If you work in information security for a company that uses Google Drive internally, you are probably concerned about the possibility that sensitive files in your company Google Drive are configured with no access control. Often, people will publicly share a file temporarily, but then forget to un-share it again. Google Drive does not make it easy to even find your own files with this sharing setting enabled.
I’m happy to release: Google Drive audit
It’s a set of well-documented scripts to audit your organization’s Google Drive for publicly shared files, and optionally the functionality to lock down permissions.
Why you should care
A file shared with “Anyone with the link can view” has no access controls on it at all. It isn’t necessarily easy to access – the links are difficult to guess, after all. But issues still crop up if the link to a sensitive file:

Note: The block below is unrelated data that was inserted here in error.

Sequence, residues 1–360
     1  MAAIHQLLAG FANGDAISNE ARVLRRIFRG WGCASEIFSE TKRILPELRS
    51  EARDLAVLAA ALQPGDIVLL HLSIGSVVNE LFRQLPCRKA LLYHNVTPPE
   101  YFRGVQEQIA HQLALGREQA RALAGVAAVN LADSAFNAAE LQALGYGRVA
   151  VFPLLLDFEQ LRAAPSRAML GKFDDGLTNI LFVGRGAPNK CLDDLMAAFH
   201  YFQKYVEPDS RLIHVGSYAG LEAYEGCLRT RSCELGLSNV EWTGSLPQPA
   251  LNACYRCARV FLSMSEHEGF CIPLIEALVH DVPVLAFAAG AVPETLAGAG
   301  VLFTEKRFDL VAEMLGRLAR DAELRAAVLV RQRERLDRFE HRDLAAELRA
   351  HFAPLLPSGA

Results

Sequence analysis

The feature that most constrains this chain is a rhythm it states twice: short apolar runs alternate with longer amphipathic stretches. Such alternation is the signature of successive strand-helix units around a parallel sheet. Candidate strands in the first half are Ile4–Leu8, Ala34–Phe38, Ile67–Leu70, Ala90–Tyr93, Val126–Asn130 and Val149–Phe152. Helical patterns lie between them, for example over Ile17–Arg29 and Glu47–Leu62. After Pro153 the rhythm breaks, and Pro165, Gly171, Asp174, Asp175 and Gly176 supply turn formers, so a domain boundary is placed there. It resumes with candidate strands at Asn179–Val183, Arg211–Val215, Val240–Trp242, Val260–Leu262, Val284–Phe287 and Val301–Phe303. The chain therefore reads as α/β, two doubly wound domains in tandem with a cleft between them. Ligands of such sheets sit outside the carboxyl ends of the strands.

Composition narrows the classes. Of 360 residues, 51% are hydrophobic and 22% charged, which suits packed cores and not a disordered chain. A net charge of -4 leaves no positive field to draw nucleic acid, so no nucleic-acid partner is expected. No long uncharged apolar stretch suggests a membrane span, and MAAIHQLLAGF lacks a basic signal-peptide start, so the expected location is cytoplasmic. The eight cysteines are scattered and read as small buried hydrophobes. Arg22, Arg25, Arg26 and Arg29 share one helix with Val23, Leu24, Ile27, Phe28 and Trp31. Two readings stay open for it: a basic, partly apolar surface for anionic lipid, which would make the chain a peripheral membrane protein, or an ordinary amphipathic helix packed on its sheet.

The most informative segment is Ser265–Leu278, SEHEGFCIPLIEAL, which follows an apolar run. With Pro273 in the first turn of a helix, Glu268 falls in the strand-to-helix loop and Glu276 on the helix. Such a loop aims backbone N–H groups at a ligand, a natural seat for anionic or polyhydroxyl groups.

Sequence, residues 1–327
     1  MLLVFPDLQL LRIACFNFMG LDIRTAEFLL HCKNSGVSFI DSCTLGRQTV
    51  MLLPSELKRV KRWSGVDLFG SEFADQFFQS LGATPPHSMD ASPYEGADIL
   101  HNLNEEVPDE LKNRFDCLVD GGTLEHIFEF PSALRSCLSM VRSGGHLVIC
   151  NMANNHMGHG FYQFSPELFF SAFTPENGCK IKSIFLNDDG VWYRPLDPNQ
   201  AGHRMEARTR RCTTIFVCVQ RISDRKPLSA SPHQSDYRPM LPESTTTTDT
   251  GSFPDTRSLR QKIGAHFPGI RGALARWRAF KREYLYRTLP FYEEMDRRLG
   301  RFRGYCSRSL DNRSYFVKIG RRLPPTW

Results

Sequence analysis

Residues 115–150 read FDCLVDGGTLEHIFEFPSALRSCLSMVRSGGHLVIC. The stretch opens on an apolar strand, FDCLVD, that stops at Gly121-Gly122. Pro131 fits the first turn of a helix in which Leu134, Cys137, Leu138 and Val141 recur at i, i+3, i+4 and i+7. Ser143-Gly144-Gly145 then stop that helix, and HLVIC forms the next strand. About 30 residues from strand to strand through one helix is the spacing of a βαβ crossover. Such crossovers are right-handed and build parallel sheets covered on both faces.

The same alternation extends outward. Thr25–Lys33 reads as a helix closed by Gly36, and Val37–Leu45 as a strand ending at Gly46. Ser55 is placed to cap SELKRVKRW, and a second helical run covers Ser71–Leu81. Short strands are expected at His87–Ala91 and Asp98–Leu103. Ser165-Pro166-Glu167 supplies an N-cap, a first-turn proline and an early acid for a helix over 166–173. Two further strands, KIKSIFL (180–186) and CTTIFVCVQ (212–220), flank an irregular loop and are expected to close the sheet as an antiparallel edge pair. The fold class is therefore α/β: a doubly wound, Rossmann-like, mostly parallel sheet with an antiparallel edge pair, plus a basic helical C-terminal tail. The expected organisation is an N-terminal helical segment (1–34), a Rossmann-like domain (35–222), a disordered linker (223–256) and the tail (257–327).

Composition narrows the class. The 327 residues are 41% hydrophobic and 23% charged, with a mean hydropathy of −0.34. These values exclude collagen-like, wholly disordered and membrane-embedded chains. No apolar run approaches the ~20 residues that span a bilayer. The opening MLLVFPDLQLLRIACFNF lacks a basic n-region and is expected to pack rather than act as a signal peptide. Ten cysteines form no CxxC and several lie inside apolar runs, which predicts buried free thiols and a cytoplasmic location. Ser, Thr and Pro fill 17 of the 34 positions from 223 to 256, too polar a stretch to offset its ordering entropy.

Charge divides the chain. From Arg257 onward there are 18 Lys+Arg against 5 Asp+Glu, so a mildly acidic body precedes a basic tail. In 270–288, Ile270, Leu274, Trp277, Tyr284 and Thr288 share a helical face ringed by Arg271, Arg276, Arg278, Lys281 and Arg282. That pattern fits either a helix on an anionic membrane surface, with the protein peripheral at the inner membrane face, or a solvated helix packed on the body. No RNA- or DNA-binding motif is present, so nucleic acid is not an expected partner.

- is forwarded to an unauthorized party
- remains in the browser history of a shared device
- is harvested by various browser plugins or data broker scripts
- appears in logs in various places
Worse, once a file is shared as “Anyone with the link can view”, you lose any ability to audit who has viewed the file.
Irritatingly, Google Cloud Admin will happily show you a report of how many such files exist in your organization. But won’t show you what they are, or who owns them.
There are a few paid vendor solutions you can purchase in order to keep tabs on publicly shared files in your organization. There are also plenty of scripts online that, after you grant it access to your Google Drive, can tell you your public files.
However, if you want to perform an audit on these files for all users in your organization, you’ll need to fiddle around with the API, domain-wide delegation, and so on. I found it needlessly difficult to figure out how to get this working from documentation and other online resources, so here’s to save you the time I wish I could have saved myself!